I am back and reading after a great break and thank you for keeping such a lively discussion going on without me. Who needs the old retired guy? The summer itself didn’t seem much like retirement with the workshops and all, but this fall time does. I am enjoying an unprecedented amount of mental health and am beginning to see it wasn’t me that was so crazy all those years when I was teaching, just the buildings I was in. I just needed to get baking and cooking and spending more time in my garden in this beautiful state of Colorado, which is now at its best time of year and also in (more beautiful?) Oregon on a long delayed visit with my daughter. I hope everything is going well with everyone. My main concern is with the new people, that they continue to find the support they need here at this most important time of the year. From the experienced people, I have noted the following among recent comments:
1. The discussion about doing really short stories after CWB but before getting into longer stories was brought up by James and Leah and others. Skip Crosby and I had floated this idea about five years ago but it didn’t go anywhere, which was a loss. Maybe we can get it going this time. In particular, James’ idea of creating a bunch of those ultra short stories in a collection for all of us to use caught my attention. This is the time of year to be doing that, but we don’t really have the stories at this point. Ideas on how to proceed on that idea? I should add that in my opinion this idea of shorter and leaner stories might qualify for “Strategy of the Year” this year along with interactive whiteboards. Maybe if you have any done you could send them to me and I can at least add them to the “Story Scripts, Simple” category for starters, and eventually we might have a collection of powerful two or three line stories (in three locations with underlined variables, targeting specific verbs or not, however we want to handle that) to use not just at this time but at any time of year.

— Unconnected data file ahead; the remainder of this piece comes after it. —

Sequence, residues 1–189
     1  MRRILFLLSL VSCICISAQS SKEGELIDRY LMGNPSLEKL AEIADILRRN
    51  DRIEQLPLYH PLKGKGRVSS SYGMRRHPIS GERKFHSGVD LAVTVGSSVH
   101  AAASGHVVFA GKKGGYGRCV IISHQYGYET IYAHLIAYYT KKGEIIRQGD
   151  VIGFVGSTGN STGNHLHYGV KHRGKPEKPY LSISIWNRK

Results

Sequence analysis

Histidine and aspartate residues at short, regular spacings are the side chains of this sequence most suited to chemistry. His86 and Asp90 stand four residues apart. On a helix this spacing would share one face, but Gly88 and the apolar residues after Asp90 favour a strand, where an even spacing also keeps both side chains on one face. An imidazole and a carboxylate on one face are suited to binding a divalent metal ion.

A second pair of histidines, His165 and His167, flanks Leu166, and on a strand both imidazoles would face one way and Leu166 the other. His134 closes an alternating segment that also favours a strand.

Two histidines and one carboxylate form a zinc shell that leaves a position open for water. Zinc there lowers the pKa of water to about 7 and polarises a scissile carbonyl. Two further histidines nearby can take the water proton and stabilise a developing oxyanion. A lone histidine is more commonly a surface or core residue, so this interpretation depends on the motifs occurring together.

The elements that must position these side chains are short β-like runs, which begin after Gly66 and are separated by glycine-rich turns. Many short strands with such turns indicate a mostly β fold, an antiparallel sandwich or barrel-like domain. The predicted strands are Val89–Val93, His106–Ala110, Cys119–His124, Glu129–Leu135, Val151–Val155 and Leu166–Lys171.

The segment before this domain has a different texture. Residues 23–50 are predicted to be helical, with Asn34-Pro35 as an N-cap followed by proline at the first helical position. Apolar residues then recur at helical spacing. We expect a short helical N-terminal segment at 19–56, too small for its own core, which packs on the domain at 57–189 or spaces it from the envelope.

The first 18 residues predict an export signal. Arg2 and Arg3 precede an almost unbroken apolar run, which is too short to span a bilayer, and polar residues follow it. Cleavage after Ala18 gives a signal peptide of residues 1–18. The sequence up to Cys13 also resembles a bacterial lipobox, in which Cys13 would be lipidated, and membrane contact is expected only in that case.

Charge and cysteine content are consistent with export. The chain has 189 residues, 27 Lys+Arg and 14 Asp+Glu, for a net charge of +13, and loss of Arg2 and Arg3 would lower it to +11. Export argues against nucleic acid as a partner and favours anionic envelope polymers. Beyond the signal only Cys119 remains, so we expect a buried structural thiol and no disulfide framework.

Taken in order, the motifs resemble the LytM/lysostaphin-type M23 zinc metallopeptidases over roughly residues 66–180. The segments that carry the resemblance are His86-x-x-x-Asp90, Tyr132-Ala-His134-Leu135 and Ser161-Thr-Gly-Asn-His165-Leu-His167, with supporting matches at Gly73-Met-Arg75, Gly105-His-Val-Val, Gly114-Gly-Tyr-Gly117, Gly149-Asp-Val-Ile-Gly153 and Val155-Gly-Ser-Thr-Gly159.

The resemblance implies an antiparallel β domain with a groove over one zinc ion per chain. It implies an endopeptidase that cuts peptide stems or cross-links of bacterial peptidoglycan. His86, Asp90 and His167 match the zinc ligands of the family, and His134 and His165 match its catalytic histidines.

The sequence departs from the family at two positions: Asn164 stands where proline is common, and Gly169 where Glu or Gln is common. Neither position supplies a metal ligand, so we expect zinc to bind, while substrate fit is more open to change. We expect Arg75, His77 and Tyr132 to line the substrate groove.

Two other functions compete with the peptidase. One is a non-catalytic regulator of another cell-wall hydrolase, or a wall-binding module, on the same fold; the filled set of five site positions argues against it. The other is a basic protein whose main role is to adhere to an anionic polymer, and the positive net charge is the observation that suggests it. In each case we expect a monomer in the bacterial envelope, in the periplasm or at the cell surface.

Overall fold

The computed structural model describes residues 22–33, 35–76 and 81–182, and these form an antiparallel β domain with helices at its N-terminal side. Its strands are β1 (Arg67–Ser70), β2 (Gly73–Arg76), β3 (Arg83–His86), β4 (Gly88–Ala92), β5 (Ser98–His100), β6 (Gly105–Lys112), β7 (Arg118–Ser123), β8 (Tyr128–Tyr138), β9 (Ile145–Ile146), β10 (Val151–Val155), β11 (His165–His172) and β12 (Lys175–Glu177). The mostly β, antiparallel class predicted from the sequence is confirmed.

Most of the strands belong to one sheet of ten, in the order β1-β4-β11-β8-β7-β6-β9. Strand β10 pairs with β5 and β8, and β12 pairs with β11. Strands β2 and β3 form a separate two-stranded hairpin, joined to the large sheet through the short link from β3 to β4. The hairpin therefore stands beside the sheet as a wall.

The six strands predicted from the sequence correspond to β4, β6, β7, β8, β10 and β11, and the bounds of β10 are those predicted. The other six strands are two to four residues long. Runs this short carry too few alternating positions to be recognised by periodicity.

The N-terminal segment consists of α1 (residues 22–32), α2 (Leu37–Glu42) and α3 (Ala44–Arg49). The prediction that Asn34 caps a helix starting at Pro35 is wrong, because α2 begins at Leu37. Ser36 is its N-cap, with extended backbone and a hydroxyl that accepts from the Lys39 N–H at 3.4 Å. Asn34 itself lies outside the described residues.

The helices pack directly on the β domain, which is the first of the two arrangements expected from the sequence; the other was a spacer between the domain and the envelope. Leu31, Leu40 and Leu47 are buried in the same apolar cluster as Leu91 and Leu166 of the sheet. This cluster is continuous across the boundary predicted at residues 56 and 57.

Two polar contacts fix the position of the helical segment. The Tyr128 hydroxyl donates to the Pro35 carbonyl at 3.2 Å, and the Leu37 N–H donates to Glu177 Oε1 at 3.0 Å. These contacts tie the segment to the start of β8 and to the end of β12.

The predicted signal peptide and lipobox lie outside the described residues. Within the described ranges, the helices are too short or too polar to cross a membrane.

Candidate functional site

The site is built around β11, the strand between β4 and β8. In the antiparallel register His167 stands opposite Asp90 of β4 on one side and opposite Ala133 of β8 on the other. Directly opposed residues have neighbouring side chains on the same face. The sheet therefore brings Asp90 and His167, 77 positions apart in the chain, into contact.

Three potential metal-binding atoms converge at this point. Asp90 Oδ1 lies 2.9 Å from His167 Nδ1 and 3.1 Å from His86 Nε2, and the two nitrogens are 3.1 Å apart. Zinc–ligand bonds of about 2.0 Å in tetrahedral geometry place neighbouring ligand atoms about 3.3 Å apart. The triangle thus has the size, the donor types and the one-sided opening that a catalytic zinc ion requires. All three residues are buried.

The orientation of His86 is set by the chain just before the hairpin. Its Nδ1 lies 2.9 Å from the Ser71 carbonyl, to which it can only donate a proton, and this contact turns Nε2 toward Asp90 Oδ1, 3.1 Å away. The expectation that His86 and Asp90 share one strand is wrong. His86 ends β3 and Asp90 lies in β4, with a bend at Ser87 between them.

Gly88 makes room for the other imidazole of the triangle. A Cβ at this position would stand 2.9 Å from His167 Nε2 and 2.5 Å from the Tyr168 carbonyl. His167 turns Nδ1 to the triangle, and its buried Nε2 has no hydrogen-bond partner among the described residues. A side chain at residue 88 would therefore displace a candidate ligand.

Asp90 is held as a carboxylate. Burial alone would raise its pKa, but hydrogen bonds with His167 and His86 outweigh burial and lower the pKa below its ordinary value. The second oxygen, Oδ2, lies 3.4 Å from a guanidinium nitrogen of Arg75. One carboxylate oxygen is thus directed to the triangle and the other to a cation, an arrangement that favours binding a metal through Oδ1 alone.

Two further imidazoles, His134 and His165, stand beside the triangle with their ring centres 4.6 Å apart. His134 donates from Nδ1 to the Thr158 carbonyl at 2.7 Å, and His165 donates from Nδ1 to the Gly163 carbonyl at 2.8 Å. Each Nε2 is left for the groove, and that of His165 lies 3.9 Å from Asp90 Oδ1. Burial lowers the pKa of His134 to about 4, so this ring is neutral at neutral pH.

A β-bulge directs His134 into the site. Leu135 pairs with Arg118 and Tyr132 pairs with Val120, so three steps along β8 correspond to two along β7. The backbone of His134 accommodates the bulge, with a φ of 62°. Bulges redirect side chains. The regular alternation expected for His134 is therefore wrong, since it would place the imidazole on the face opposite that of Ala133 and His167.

2. Nathaniel’s question about what a structure is seemed very important to me. That was a good discussion y’all got going. My view mirrors what Grant said about a structure being a word chunk that might or might now include a pronoun in it. A classic chunk in my mind is from a Matava story – veut l’ouvrir/wants to open it. That structure contains two verbs but really there is just one concept there. The point was also made that we can of course use individual words as target structures especially at the lower levels, but also, perhaps more often at the higher levels, instead focus on target chunks of comprehensible CI. My view of what a structure is can be compared to an image of throwing a ball to someone. If it is too big and heavy, with too many words in it, the person can’t catch it. If it is too small, like a single preposition, then it is too light and goes by the person too fast and the person will miss it for that reason. It has to be “catchable” to be a structure.